As many of you know, bike advocacy is important to me and I mention it here from time to time. Last time I posted specifically about advocacy, I happened to mention Trek President John Burke’s speech at the National Bike Summit. In the comments section, a reader took issue with Mr. Burke’s speech, saying that Trek does not really seem to be doing enough to further the cause of transportational cycling. She also posed a question:
“It’s great that he’s at least *talking* about practical cycling. Is it more than lip service, though? *Is* Trek doing advocacy?”
By now, many of you have probably read the news about Trek’s latest advocacy program, One World, Two Wheels. I am personally very impressed with Trek’s hefty financial commitment to national advocacy efforts. I hope that other big players in the bike industry will step up and match the level of donations to which Trek has committed; it is not only good for the world, but it is good business for the bike industry as a whole. I also believe that Trek, and many other bike companies, are moving in the right design and marketing direction with transportation oriented products that will introduce new people to the joy of cycling. I have been a fan of the Lime since I first saw it, and I also think bikes like the Soho and Portland are nice products, each geared toward different types of users who might ride them to work or for errands. I expect to see more transportation-oriented bikes from Trek, and others, in the near future.
If any of you still believe that Trek is just a big corporation with some sinister ulterior motive as far as advocacy is concerned, I doubt that I will be able to change your mind. I do however want to pass along a firsthand account of Mr. Burke’s announcement of the initiative at the dealer meeting last week. I received the following message from a Trek employee and I think his pride in the company he works for is apparent in this message. I would also be willing to bet that he is not the only person at Trek who feels that way. I have no affiliation with Trek (besides owning a couple of their bikes), but after hearing about this latest advocacy initiative, I have to say that I am proud of them too.
Now on to the description of the announcement:
“It was amazing. John Burke got up in front of 1000 dealers, and described:
* The obesity crisis
* The pollution crisis
* The congestion crises
He went on to point out some interesting facts. 50% of all car trips are under 2 miles in length.
After London enacted a congestion tax, tons of people started riding bikes and London bike sales doubled.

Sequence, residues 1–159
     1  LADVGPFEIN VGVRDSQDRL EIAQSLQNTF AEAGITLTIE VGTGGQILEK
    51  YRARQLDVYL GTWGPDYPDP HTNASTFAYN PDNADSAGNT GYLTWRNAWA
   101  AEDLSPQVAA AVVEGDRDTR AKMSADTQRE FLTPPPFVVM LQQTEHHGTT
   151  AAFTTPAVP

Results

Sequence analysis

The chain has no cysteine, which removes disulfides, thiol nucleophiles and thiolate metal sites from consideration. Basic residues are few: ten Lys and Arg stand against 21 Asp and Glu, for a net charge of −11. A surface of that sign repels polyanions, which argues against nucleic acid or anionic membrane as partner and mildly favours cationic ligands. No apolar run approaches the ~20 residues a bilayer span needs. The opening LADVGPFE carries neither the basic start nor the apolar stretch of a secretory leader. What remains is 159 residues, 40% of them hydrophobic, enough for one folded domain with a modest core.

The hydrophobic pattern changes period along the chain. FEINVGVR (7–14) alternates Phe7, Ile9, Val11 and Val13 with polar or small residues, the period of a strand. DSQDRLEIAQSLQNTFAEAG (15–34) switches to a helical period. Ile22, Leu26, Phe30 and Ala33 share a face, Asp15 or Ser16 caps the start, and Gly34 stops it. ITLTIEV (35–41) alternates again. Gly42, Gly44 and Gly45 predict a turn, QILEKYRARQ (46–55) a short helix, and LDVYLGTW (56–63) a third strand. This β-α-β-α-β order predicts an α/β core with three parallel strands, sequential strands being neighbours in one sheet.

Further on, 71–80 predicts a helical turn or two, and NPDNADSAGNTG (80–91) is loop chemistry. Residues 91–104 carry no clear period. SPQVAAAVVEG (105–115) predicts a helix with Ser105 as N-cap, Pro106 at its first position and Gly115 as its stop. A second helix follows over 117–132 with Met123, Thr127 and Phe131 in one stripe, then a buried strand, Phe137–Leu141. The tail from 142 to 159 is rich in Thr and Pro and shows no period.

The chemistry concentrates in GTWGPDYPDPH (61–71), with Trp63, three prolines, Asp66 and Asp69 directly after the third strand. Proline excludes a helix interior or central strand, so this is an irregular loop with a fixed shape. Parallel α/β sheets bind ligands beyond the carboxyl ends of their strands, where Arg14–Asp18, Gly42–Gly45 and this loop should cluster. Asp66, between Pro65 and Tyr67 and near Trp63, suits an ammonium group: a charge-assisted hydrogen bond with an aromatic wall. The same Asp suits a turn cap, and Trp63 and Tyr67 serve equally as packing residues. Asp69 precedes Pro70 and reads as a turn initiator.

All of the considerable results from Bicycle Friendly Communities were generated with only about $150,000 budgeted per year. We (Trek) are pledging $1 per Trek helmet sold over the next three years, which will amount to at least one million dollars to them. The Bicycle Friendly Communities director appeared to be wiping some tears from his eyes as John described the plan.
Trek is also donating $10 per full-suspension bike sold to IMBA, and expects to donate at least $600,000 to them over the next few years.
For the first time ever, Trek is employing a full-time, very experienced advocacy worker.
Trek is also going to be promoting the “One World, Two Wheels” program, marketing bicycle use in general…..and not plastering our name all over it. Tons of money will be spent on this…..pamphlets, website, billboards, apparel….and although we stand to benefit from increased bike sales, it’s clearly not a corporate message.
After all of this, John wrapped up by telling everyone that we’ll be heading down the street to have dinner at a sports field, followed by a kickball tournament. He directed everyone to the buses waiting outside. As everyone was standing up to head out, a prearranged shout was heard from the audience. “Why don’t we ride our bikes”, he shouted.
Everyone laughed, and some dealers jokingly shouted that we should “Let’s ride our bikes next year!” John then stunned everyone by showing a slide that pictured one thousand (1000) Limes parked outside. He said he agrees, and that if they wish, they can opt to ride a Lime to the evening event. Comments like “holy s*%t!” and “are they serious?” could be heard all around. On each Lime was a helmet and lights. Everyone ended up filing down to the Limes and riding to the evening event.
After the evening event, dealers donned their helmets, turned on their lights, and overtook downtown Madison on their Limes. On State Street, Limes were strewn about on the sidewalks and street, and even found their way into bars. Grown, middle-aged men rediscovered the joy of buzzing their buddy’s tire from behind and power-sliding their bikes with coaster brakes. Wheelies were ridden. Asses were slapped. Curbs were jumped.
The entire process was repeated a few nights later, for the second show.
Trek isn’t screwing around with this advocacy thing. We (the bicycle industry) increased government spending on bicycle advocacy from about 20 milllion/year to something like a billion or two dollars a year with incredibly little effort. With the effort Trek and our dealers are putting forth, the next ten years are going to be revolutionary. Mark my words, and call me out on this in 2017. I’ll be right. ; ) “